Here is a new paper by Galor and Özak, highly speculative of course:
This research explores the origins of the distribution of time preference across regions. It advances the hypothesis and establishes empirically, that geographical variations in natural land productivity and their impact on the return to agricultural investment have had a persistent effect on the distribution of long-term orientation across societies. In particular, exploiting a natural experiment associated with the expansion of suitable crops for cultivation in the course of the Columbian Exchange, the research establishes that agro-climatic characteristics in the pre-industrial era that were conducive to higher return to agricultural investment, triggered selection and learning processes that had a persistent positive effect on the prevalence of long-term orientation in the contemporary era.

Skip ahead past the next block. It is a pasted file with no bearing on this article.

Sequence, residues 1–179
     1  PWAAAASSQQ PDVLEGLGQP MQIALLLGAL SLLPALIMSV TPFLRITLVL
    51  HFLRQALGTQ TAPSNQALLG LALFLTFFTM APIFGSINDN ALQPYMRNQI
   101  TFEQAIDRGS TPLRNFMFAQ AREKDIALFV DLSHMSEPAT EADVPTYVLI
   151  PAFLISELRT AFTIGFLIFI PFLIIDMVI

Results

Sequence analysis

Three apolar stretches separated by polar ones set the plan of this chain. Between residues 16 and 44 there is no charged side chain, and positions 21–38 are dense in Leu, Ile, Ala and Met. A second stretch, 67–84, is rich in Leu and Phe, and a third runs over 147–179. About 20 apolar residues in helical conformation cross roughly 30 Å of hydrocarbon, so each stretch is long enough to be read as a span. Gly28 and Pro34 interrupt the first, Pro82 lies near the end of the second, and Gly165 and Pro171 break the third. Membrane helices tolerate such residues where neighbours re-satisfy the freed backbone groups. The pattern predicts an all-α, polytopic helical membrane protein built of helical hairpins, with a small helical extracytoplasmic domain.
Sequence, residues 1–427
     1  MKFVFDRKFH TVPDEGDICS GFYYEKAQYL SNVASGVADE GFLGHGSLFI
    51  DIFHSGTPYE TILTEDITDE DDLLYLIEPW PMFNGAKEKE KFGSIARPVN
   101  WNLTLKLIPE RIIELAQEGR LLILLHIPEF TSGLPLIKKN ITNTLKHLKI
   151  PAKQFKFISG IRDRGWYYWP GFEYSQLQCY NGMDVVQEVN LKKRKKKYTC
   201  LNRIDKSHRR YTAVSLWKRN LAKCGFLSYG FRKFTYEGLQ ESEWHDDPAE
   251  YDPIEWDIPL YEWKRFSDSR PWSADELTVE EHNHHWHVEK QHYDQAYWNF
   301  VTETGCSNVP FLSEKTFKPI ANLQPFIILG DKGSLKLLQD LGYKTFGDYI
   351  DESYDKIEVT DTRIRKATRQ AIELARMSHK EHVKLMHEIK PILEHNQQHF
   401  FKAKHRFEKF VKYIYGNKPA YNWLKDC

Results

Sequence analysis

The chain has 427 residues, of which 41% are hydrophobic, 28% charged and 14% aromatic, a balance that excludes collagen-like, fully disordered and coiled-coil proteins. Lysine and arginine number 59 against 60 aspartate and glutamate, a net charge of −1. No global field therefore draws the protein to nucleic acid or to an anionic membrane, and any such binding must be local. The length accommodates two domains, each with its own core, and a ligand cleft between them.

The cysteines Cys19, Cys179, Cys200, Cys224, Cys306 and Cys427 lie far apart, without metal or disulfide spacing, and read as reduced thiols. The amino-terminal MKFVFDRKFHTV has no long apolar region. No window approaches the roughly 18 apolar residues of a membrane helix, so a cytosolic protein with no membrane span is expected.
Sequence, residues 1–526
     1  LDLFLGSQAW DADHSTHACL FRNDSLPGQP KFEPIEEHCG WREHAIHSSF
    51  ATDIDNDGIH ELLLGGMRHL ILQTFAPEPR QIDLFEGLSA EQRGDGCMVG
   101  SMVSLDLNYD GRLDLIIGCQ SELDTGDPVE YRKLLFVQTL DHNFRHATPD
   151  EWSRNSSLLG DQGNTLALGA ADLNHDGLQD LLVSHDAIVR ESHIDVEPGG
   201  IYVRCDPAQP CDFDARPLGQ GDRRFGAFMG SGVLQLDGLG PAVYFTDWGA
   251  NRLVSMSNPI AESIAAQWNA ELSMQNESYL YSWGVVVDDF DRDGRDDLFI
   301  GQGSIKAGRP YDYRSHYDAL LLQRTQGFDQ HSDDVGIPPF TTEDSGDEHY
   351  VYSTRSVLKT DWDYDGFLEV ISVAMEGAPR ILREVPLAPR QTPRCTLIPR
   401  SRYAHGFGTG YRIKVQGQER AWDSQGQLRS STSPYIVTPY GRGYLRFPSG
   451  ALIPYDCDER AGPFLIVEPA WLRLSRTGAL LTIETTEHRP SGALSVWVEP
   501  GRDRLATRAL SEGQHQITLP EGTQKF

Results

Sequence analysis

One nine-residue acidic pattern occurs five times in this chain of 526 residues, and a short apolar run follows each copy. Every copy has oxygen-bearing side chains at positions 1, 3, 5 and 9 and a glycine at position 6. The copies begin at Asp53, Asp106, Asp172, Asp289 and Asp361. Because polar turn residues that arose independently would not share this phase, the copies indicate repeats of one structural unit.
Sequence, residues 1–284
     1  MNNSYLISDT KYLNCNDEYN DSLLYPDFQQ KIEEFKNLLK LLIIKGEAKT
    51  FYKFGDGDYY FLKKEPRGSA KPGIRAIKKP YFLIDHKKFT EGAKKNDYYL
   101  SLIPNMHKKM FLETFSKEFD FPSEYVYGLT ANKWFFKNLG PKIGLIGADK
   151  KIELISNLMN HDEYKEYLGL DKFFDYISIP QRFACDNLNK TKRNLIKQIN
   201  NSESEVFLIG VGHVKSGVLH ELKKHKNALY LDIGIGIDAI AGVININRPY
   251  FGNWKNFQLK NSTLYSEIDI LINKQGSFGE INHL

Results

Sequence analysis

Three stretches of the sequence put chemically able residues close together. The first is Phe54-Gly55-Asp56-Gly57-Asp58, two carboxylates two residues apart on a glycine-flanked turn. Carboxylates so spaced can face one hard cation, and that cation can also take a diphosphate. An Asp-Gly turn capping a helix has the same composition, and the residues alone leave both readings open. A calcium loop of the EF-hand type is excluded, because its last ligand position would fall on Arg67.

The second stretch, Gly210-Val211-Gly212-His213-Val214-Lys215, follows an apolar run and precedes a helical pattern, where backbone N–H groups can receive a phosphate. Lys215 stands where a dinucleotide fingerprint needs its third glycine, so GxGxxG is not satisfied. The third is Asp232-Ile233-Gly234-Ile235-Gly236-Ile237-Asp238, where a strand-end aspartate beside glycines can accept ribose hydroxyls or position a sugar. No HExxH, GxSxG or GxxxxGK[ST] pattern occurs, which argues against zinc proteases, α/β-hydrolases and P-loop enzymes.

Didn’t Irving Fisher once say something like this? My view in contrast is that virtually everyone has a high rate of time preference, but some (wise) people can act like low time preference individuals by choosing the proper perceived rewards and benefits, for instance by courting approval from others for saving or waiting. It may just be pretense, but who cares? It is not unusual to see the same person switch rapidly from high time preference to low time preference modes of thought and behavior, and this to me suggests it is all about perceptions, environment, expectations, peer effects, and other social factors, rather than genes. In other words, choose your framing wisely.
More broadly, there is a “brute fact” that one bunch of societies have a lot of correlated positive features, and another group of societies do not. I don’t think we’ve gotten very far beyond that brute fact in terms of what we can infer from that distribution.
The original pointer to the article is from www.bookforum.com.